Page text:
The physical basis for the present invention is that heat produced at the core of the intervertebral disc is spread out over a substantial distance throughout the disc so as to heat its periphery. The reason that the heat can spread so effectively to such a long range is that the intervertebral disc material has no vascularity. Because there is no blood flowing in the disc, the usual dramatic convection of heat away from the heated region is reduced essentially to zero. In this respect, the disc is strikingly different from all other rf lesion targets that have been heretofore heated. Other targets, such as the brain, spinal cord, muscle tissue, etc., are all highly vascular. Thus the usual diminution of heating at long range associated with heating the brain tissue and muscle tissue is absent.

A second factor which enhances the global heating of the entire disc is that the disc represents essentially a two-dimensional layer between the bony vertebrae above and below it. The bone is a good thermal insulator and also is not as highly electrically conductive as the disc or normal tissue. Thus the electrical current from the active tip 2 will tend preferentially to spread only throughout the disc, and much less through the bones above and below it. Heating thereby done within the disc is confined to the disc as a consequence of the insulative character of the bones above and below it. Thus, the heat spreads quickly and effectively through the entire disc, raising the entire pancake-shaped structure of the disc to high temperature. The heat flows to the periphery of the disc where it heats the neural structures and other surrounding tissue. It is only at the disc periphery that vascularity or convective flow enters the equation of heat balance, and essentially only there the heat is sinked away rapidly in the annulus of tissue immediately outside the surface of the disc. Thus one can expect an elevated temperature throughout the disc with a rapid fall-off of temperature as one emerges from the surface of the disc into the surrounding tissue. However, it is just in that critical range of the surface of the disc where the temperature can remain elevated, thereby destroying the innervating structures of the disc, and yet not endangering other critical structures, such as the spinal cord. 18, that may be in the vicinity of the disc. Any substantial heating of the spinal cord 18 could cause severe danger and injury to the patient, including life threatening neural interruption. However, by the indirect process of heating the non-vascular disc with rapid fall-off of temperature by blood circulation immediately outside the disc, such critical neural structures as the spinal cord 18 and other neural structures, such as the anterior and posterior nerve roots, will not be injured by this process. The fact that the procedure is safe and effective is not at all obvious a priori in view of the fact that such a large structure is being heated to significantly elevated temperatures. It is testimony to the surprising and novel aspect of the present invention and method that the technique in fact does work well.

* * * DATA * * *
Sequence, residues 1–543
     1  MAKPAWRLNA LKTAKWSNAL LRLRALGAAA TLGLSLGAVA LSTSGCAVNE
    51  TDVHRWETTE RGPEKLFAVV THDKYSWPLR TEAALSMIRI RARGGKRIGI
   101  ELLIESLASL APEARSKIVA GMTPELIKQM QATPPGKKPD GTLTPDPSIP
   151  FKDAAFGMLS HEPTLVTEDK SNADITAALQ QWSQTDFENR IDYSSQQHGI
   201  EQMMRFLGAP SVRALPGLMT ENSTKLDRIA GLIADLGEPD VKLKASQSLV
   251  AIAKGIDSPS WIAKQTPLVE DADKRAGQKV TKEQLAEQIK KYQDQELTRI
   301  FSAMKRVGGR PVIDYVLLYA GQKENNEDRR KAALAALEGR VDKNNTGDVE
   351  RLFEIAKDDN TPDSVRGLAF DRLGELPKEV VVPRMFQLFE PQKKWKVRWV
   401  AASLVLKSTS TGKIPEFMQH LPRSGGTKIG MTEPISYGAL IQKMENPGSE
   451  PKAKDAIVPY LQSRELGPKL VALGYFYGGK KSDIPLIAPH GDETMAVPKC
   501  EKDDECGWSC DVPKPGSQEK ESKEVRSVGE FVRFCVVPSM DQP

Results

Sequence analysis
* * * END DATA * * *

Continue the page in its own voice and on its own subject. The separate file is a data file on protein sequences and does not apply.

A typical procedure would be to place the electrode I percutaneously through the surface of the patient's skin 4 under X-ray or fluoroscopic interactive guidance. By taking lateral and anteroposterior views, it is easily ascertained that the proper path of introduction of needle 1 is achieved and that tip 2 resides near the central position 16 of the intervertebral disc. RF current is then applied from the rf generator 7 via the cable 6. The current enters the disc, spreads out through the disc material, and returns out through the body to reference electrode 9 and then through the cable 8 back to the RF generator 7. Thus the patient's body is part of the RF circuit. The temperature at the electrode tip 2 is monitored by temperature meter 10. This can be implemented by a thermal sensor built into electrode tip 2 together with appropriate sensor wires in 6 and circuitry in apparatus 7. A typical procedure might involve raising the core temperature of the disc to C. or more. There will be some fall-off of temperature in the disc out towards the perimeter of the disc, but nonetheless the surface of the disc will be elevated to substantial temperatures C. or C. and perhaps higher. These are sufficiently high temperatures to denervate the fine nerve endings 15 which cover the surface of the disc, thus relieving the patient of pain, but not inducing any pain during the procedure itself.

One interesting and important aspect of the present invention is the discovery that the electrical resistance, or impedance, of the intervertebral disc material itself is substantially lower than surrounding tissue, illustrated in FIG. 1 as the medium 19 that surrounds the entire spinal column. Thus, in the progression of introducing the cannula 1 through the body surface 4, one will observe an impedance which is initially relatively high. Then as one enters the disc space, one sees an immediate reduction of the impedance due to the lower electrical resistance of the intervertebral disc itself. This transition between the normal tissue and intervertebral tissue is direct evidence that the tip of the electrode is in the disc, and thus in a proper position. Furthermore, when the probe is advanced along a path indicated by the dotted line 20 to the point 21 where the tip has reached the far wall of the disc, one can again observe an increase of impedance. This increase would indicate that the tip of the electrode is emerging from the other side of the disc. Thus, one has by impedance monitoring a direct measure of introduction of probe 1 into the disc and the total traversal and limits of the probe tip 2 in the disc space. This represents an important secondary aspect of the present invention related to introduction of the needle into the target volume itself and monitoring means to confirm the process.